A Nation of Halloweenies

Walking from house to house and trick or treating is really fun. Notice I said *walking*, and not *driving*.

            I have become aware of an alarming trend among parents and youth that I believe might be single-handedly the cause of childhood obesity.  It is most prevalent around Halloween.

            No, I’m not talking about candy.  I’m talking about the vast numbers of people who insist on driving their children around from house to house for trick or treating.  I first noticed this trend a few years ago.  I am writing this on the day before Halloween, and I expect to see quite a bit of it tomorrow evening.  I can only hope that this blog shames at least one family out of this ritual. 

            Some folks are truly unapologetic about it, hopping in and out of the minivan at each driveway.  Some folks dress it up a bit and justify it by filling a trailer with straw and calling it a hay ride.  Call it what you will, it is simply lazy.

            Really, people.  If we are going to have a holiday in which kids collect their weights in candy and spend the next 24 hours or so gorging themselves until they become ill (only to refill once the room in the gut has been cleared), perhaps we might want them to work a tad bit for the privilege.  If your legs aren’t tired from walking a mile and a half with your friends to collect snack-sized Snickers bars, well, then, you have missed the point.   How can you see your friends and talk to them along the way if you are closing a car door between doorbells?  How can you be proud of your haul if all you had to do to earn it was show up?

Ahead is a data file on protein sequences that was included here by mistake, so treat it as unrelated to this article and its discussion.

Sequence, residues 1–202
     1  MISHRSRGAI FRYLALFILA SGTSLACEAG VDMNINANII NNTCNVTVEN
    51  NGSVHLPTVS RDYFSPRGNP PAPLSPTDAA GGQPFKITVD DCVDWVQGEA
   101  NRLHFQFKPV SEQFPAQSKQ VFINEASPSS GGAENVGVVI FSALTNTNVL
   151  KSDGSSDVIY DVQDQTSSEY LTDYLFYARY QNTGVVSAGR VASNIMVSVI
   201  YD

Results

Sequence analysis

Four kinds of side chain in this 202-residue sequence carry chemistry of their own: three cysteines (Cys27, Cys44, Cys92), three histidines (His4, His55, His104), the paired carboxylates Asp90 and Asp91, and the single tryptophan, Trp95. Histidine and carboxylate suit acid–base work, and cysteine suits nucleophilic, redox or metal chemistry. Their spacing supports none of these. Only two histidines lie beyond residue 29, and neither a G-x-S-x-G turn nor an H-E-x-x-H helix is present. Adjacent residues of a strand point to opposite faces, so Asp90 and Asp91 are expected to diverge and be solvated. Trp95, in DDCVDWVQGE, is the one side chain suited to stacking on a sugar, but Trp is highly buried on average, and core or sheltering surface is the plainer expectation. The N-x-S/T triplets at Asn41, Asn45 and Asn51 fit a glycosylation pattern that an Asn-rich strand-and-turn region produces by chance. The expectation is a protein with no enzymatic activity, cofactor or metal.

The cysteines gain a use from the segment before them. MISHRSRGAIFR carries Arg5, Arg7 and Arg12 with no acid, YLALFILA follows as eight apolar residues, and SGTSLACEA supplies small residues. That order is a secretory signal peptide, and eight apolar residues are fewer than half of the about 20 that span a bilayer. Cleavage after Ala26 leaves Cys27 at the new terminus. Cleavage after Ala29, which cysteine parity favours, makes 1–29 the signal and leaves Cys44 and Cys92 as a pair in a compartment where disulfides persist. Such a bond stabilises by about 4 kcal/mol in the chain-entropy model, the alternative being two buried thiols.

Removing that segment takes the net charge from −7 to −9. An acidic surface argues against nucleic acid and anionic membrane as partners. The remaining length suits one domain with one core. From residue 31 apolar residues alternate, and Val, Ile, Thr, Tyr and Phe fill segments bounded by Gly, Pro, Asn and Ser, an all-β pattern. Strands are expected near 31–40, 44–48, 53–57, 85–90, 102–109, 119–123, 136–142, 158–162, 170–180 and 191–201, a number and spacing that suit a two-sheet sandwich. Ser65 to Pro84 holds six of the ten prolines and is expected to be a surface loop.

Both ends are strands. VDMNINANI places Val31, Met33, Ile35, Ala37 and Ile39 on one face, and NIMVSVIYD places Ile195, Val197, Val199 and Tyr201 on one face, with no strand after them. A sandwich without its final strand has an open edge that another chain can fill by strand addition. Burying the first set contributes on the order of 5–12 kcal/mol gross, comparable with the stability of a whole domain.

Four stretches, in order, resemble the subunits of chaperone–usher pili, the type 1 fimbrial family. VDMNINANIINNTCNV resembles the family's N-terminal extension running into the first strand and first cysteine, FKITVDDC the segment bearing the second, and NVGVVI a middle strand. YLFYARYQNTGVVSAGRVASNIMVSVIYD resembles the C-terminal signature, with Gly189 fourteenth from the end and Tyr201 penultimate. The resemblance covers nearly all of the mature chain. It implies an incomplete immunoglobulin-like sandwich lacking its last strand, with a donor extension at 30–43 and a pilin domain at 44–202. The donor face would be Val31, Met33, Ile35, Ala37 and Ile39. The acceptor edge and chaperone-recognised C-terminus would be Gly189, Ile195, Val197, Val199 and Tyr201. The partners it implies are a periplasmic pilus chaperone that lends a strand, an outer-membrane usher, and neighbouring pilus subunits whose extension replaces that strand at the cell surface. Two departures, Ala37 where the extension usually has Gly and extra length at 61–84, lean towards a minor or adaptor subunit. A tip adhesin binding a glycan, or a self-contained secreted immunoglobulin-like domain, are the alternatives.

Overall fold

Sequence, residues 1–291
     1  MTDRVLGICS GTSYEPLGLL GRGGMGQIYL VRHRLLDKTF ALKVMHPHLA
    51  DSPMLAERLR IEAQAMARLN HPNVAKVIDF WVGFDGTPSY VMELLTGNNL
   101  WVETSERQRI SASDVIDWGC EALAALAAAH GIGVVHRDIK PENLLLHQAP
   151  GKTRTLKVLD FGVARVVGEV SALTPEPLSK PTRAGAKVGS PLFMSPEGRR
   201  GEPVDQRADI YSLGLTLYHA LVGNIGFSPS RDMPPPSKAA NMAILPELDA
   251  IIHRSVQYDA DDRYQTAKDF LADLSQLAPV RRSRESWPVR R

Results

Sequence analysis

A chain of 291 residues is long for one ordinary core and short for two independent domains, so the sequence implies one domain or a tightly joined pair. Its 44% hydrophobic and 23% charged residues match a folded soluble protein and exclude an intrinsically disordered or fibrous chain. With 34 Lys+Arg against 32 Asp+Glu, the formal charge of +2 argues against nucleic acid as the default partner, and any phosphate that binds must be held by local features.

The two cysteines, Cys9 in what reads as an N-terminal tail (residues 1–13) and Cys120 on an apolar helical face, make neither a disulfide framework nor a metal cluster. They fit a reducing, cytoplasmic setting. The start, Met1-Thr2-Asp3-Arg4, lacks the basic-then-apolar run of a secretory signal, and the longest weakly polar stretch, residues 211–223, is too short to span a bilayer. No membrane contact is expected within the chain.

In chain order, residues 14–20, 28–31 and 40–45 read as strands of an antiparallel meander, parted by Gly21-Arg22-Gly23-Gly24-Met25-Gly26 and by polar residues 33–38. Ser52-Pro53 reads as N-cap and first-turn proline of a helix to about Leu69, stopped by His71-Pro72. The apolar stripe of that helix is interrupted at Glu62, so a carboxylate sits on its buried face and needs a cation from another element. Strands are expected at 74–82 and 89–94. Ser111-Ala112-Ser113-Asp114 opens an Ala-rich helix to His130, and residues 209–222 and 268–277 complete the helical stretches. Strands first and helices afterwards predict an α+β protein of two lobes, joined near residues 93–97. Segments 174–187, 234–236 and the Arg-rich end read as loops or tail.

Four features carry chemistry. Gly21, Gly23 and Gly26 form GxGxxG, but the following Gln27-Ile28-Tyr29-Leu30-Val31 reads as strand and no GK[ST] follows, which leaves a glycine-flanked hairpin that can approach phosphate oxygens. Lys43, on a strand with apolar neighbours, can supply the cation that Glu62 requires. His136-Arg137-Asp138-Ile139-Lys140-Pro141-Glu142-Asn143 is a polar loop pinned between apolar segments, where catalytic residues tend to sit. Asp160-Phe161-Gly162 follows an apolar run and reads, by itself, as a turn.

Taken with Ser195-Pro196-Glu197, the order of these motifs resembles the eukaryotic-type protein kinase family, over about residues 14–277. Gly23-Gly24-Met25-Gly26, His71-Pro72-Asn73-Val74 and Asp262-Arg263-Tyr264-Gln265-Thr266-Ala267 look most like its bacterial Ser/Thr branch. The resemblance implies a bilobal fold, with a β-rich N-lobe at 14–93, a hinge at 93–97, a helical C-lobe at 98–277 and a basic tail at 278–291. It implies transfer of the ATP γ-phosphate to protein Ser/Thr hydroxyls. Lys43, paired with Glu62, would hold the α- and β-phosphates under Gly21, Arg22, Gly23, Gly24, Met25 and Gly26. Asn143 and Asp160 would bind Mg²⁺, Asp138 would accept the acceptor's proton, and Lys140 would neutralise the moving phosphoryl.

And before you think this is another one of my fuddy-duddy ‘kids these days’ rants, let me tell you that I think this has more to do with the parents.  Kids can’t drive.  They don’t have the power to force their parents to haul them around like they really were ninjas and princesses instead of just dressed up like them.  If you point a kid at the beginning of a subdivision and tell him that if he rings every doorbell, a resident at every house will give him candy, he will take off running.  I don’t know a child in the world that would whine about having to walk, except maybe those who are conditioned to think that it is just too much effort.  I do, however, know a whole lot of parents – myself included, I must admit – who whine about how hard it is to keep up with the kids, how cold it is outside, and who wear out before half the doorbells have been rung.  To these parents (and myself, every year) I say, “Suck it up.”

            I have enough extra weight on me to create a healthy sized third grader.  I know that.  I have a desk job, and the most physically demanding task I am required to make in the course of any given day is carrying my briefcase into my car.  I know I’m soft and squishy.  I know I don’t exercise enough, I eat too much, and I really enjoy that I get to rescue my peanut-allergic son from all his Reese’s Peanut Butter Cups.  So I am not taking any kind of self-righteous physically fit stance here.  But I will tell you this: I walk with my children for what feels like seven hundred miles on Halloween night, and if I have two errands to run in two different stores at a strip mall, I only park my car ONE TIME.

            I’m just trying to picture what would have happened if, in the late 70s in my costume wearing, candy collecting heyday, I had asked my father to drive me from house to house for trick or treating.  I’m pretty sure he would still be laughing.  Of course, if I had asked my father to go with me trick or treating, I would have gotten the same response.  So maybe that’s comparing apples and oranges.